English 100

Junior Seminar: Three Nineteenth-Century British Novels

Section Semester Instructor Time Location Course Areas
14 Fall 2004 Booth, Stephen
Booth, Stephen
TTh 5-6:30 109 Wheeler
Other Readings and Media

Austen, J., Pride and Prejudice; Dickens, C., Bleak House, Our Mutual Friend; Shakespeare, W., 1 Henry IV; Shaw, G.B., Pygmalion


"Big nineteenth-century novels are noted for sprawling. The novels of Charles Dickens are particularly noted for sprawling. I want this course to show you that genuine sprawl can and often does coexist with organizations of wholes and parts as precise and delicate in their scale as the smaller, usually cruder ones that commonly thrust themselves upon one's consciousness when one reads a short, openly delicate lyric.

I mean to spend at least half the in-class time of the course on two examples of precision sprawl--Dickens's Bleak House and his Our Mutual Friend.

I will want first, however, to look just as hard at one other great nineteenth-century British novel--Pride and Prejudice--and one notable but academically uncelebrated twentieth-century novel: EITHER Agatha Christie's The Mysterious Affair at Styles--1920--or her The Secret Adversary--1922 (I haven't decided which and don't expect to before July, but since you will need to buy neither, the delay shouldn't matter).

My reason for including one of the Christie books in a course labeled ""nineteenth-century"" is that it's difficult to be pretentious in talking about books that are still genuinely popular. Christie books are obviously pleasure machines. Pride and Prejudice and the two Dickens books are too, but they have now been so long, so deep in so many kinds of pretentious interpretation that it is easy to think of them as thesis mines. We will begin the course with a Christie book because it is an uncluttered site from which to see what fictions do to pleasure readers. After that, it should be easy to look at Pride and Prejudice, Bleak House, and Our Mutual Friend as the mere sources of casual delight that they are.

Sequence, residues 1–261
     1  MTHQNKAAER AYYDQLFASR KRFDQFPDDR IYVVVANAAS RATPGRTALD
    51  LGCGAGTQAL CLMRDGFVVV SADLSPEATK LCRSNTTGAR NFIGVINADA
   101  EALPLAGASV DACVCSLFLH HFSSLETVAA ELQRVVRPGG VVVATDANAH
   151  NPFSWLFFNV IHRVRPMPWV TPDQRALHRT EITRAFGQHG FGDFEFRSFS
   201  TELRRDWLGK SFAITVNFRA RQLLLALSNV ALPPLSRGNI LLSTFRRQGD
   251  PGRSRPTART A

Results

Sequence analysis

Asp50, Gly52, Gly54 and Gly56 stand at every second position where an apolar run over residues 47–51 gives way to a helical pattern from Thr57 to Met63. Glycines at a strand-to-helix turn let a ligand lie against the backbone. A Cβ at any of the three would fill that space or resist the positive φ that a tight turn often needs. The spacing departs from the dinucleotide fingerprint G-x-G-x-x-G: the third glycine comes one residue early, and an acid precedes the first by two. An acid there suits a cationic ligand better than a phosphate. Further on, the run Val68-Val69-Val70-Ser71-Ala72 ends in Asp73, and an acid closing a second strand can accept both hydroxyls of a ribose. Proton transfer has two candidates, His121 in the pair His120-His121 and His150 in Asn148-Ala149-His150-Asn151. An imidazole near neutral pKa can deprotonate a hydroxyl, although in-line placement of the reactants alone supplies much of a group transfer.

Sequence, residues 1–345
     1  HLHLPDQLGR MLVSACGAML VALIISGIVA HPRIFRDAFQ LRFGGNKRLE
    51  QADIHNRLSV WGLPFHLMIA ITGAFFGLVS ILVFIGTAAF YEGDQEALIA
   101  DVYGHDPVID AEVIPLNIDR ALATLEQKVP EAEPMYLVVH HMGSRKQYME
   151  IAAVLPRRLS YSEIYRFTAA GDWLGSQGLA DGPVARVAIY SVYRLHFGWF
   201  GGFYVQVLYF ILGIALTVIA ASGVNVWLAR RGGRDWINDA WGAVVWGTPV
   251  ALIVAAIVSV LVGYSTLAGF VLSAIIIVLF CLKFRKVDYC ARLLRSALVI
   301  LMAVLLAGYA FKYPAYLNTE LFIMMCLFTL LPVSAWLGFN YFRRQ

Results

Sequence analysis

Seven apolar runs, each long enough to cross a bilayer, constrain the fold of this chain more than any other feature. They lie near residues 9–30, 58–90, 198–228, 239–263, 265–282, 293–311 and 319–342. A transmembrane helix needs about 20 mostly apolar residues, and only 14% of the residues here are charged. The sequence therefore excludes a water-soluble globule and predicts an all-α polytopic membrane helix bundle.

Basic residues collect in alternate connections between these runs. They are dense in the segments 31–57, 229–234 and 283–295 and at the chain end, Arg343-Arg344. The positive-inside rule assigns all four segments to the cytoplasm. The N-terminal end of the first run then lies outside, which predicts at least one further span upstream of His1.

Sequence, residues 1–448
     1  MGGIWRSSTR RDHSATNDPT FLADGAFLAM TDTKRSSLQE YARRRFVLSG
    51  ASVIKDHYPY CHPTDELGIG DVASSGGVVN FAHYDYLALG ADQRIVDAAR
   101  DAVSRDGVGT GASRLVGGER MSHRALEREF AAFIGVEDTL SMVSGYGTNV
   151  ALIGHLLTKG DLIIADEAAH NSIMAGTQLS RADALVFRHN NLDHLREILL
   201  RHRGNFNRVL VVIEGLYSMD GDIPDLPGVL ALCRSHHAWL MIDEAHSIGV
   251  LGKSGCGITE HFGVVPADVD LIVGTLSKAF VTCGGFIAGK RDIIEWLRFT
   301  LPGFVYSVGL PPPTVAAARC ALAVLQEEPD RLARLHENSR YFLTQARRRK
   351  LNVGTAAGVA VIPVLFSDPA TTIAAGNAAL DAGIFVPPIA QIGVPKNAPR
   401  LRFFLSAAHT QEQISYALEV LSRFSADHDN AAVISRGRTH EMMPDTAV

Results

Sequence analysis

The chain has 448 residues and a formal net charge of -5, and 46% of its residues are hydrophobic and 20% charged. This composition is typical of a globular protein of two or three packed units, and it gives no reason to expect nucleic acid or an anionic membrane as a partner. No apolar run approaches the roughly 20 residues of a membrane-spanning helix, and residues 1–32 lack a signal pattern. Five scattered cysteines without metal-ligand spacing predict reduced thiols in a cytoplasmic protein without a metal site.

Justifying the presence of Pygmalion-which is neither nineteenth-century nor a novel--is not so easy. Suffice it to say that, by the time you've read both Our Mutual Friend and it, the presence of Bernard Shaw's 1913 play Pygmalion on the reading list will be obvious. The same is true of Melville?s Bartleby the Scrivener-an 1856 novella that relates to Bleak House in much the way Pygmalion does to Our Mutual Friend.

(You can get Bartleby, The Mysterious Affair at Styles, and The Secret Adversary free on the internet; go to www.gutenberg.net; put BARTLEBY [or either Christie title] into the title box; click on ""search,"" and download the complete text. I don't think you need buy hard copies of either Bartleby or the Christie novel I finally choose.

In fact, you can get the whole reading list from www.gutenberg, if you like. At the first class meeting, we can talk about the practicality of substituting free e-texts for expensive book store copies.)

I will also ask you to read Shakespeare's 1 Henry IV. I will want it fresh in your minds when we start on Our Mutual Friend.

I will assign three essays--each of a length determined by the amount you have to say and your skill in saying it economically. The third essay will take the place of a final examination.

I will give daily quizzes to make sure everyone keeps up with the reading. "

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